Immunomodulation by statins
- Cheryl Smythe1
© Current Science Ltd 2000
Published: 21 December 2000
KeywordsCIITA MHC-II statin T-lymphocyte activation
Statins inhibit an important regulatory step in cholesterol biosynthesis that results in the reduction of circulating cholesterol levels. Treatment with statins, therefore, considerably reduces the risk of coronary heart disease. In addition to their lipid-lowering effects, statins have also been identified as having antioxidant, anti-inflammatory and angiogenic properties. In order to investigate whether statins may modulate immune responses, the authors studied the effect of a variety of statins on interferon (IFN)-?-inducible major histocompatability complex class II (MHC-II) expression and subsequent lymphocyte activation.
Flow cytometric and immunofluorescent analyses demonstrated that atorvastatin, lovastatin or pravastatin inhibit IFN-?-induced MHC-II protein expression on endothelial cells and macrophages. MHC-I expression and constitutive MHC-II expression were unaffected. Mixed lymphocyte experiments confirmed that inhibition of MHC-II expression gave rise to reduced T lymphocyte activation. RNase protection assays demonstrated that the inhibition of IFN-?-induced MHC-II mRNA expression by statins is paralleled by a reduction in the transactivator CIITA. CIITA promoter IV is specifically responsible for the IFN-?-inducible expression of CIITA, and its expression decreased following treatment with statins. Therefore, in conclusion, statins repress IFN-?-inducible MHC-II expression by inhibiting promoter IV of the MHC-II transactivator CIITA.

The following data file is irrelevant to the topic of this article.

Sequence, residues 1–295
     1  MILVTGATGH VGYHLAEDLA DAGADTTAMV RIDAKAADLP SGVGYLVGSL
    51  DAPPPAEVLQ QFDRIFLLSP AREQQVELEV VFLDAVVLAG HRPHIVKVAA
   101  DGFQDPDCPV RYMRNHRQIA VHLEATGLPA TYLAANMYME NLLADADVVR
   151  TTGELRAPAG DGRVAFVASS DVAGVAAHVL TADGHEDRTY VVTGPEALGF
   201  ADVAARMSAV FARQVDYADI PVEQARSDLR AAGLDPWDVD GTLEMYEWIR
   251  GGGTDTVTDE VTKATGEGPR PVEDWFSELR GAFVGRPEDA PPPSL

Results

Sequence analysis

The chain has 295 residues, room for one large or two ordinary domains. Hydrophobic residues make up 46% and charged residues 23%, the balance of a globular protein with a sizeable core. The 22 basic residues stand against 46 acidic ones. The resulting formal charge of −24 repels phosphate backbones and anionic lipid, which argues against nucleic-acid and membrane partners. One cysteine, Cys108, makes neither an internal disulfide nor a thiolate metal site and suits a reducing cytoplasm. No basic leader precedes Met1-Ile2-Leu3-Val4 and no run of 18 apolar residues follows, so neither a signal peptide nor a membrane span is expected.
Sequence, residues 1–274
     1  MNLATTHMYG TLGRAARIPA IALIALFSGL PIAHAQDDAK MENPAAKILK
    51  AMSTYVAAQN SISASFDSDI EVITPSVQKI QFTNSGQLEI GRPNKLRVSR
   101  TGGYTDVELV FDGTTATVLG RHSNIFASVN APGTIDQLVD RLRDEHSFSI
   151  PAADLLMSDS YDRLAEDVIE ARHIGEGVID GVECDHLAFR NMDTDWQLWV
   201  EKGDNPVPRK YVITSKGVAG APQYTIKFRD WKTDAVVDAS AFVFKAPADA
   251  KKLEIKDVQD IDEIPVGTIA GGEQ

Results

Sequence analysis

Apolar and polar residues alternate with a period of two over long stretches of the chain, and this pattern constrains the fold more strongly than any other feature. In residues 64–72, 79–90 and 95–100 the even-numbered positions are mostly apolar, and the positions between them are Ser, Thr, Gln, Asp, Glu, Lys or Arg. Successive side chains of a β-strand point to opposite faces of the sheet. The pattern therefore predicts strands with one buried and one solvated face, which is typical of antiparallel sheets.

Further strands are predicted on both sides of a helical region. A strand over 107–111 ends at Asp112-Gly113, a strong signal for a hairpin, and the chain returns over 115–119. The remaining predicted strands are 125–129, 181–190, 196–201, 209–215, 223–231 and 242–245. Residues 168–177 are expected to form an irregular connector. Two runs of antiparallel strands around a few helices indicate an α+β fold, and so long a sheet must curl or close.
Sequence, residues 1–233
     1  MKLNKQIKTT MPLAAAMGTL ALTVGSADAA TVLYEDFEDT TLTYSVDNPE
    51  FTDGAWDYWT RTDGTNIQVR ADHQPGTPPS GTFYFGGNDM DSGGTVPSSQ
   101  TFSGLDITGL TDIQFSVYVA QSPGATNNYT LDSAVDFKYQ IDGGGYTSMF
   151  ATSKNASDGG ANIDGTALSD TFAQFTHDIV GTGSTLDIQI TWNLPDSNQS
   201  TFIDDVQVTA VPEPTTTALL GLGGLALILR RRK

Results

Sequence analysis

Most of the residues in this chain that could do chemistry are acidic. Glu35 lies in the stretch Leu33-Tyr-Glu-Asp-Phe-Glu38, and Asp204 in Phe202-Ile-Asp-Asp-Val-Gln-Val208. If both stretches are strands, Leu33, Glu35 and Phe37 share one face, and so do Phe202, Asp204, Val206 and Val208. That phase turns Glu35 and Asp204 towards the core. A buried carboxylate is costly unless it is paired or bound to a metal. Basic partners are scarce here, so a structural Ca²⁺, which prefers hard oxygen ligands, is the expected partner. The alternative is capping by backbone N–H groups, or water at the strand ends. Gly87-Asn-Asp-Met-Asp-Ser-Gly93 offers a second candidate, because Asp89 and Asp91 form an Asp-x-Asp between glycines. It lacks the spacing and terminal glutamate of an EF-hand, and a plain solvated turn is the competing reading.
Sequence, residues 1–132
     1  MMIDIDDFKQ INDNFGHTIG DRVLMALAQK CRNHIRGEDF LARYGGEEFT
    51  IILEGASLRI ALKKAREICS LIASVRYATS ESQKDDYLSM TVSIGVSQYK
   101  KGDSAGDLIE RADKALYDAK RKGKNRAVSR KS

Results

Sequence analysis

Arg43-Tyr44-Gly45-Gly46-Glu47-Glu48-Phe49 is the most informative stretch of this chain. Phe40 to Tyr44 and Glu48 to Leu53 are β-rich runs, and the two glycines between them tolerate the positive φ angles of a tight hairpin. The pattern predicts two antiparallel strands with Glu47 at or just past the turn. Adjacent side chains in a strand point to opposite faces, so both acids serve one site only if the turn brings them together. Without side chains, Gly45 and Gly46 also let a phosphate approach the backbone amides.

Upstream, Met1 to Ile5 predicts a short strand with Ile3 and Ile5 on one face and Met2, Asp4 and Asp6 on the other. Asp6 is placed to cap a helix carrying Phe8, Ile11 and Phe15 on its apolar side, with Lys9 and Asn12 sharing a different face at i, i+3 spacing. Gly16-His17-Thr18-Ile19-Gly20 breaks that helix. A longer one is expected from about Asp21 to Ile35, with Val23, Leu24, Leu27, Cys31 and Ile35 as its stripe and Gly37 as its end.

This simple and elegant study demonstrates that statins, a family of lipid-lowering drugs, can repress MHC-II expression and subsequent T cell activation. Statins are predominantly used in the treatment of hypercholesterolemia and in the primary and secondary prevention of coronary heart disease. However, this in vitro study points to a potential therapeutic role for statins as immunosuppressive agents in the treatment of chronic inflammatory conditions. Firstly however, the in vivo relevance of this finding must be established. Further investigation is also required to establish the precise mechanism of inhibition: whether it is dependent on the lipid-lowering properties of statins, or as a result of alteration in the levels of intermediates of the cholesterol biosynthetic pathway.
FACS, immunofluorescence, RNase protection assays, tritiated thymidine incorporation, western blotting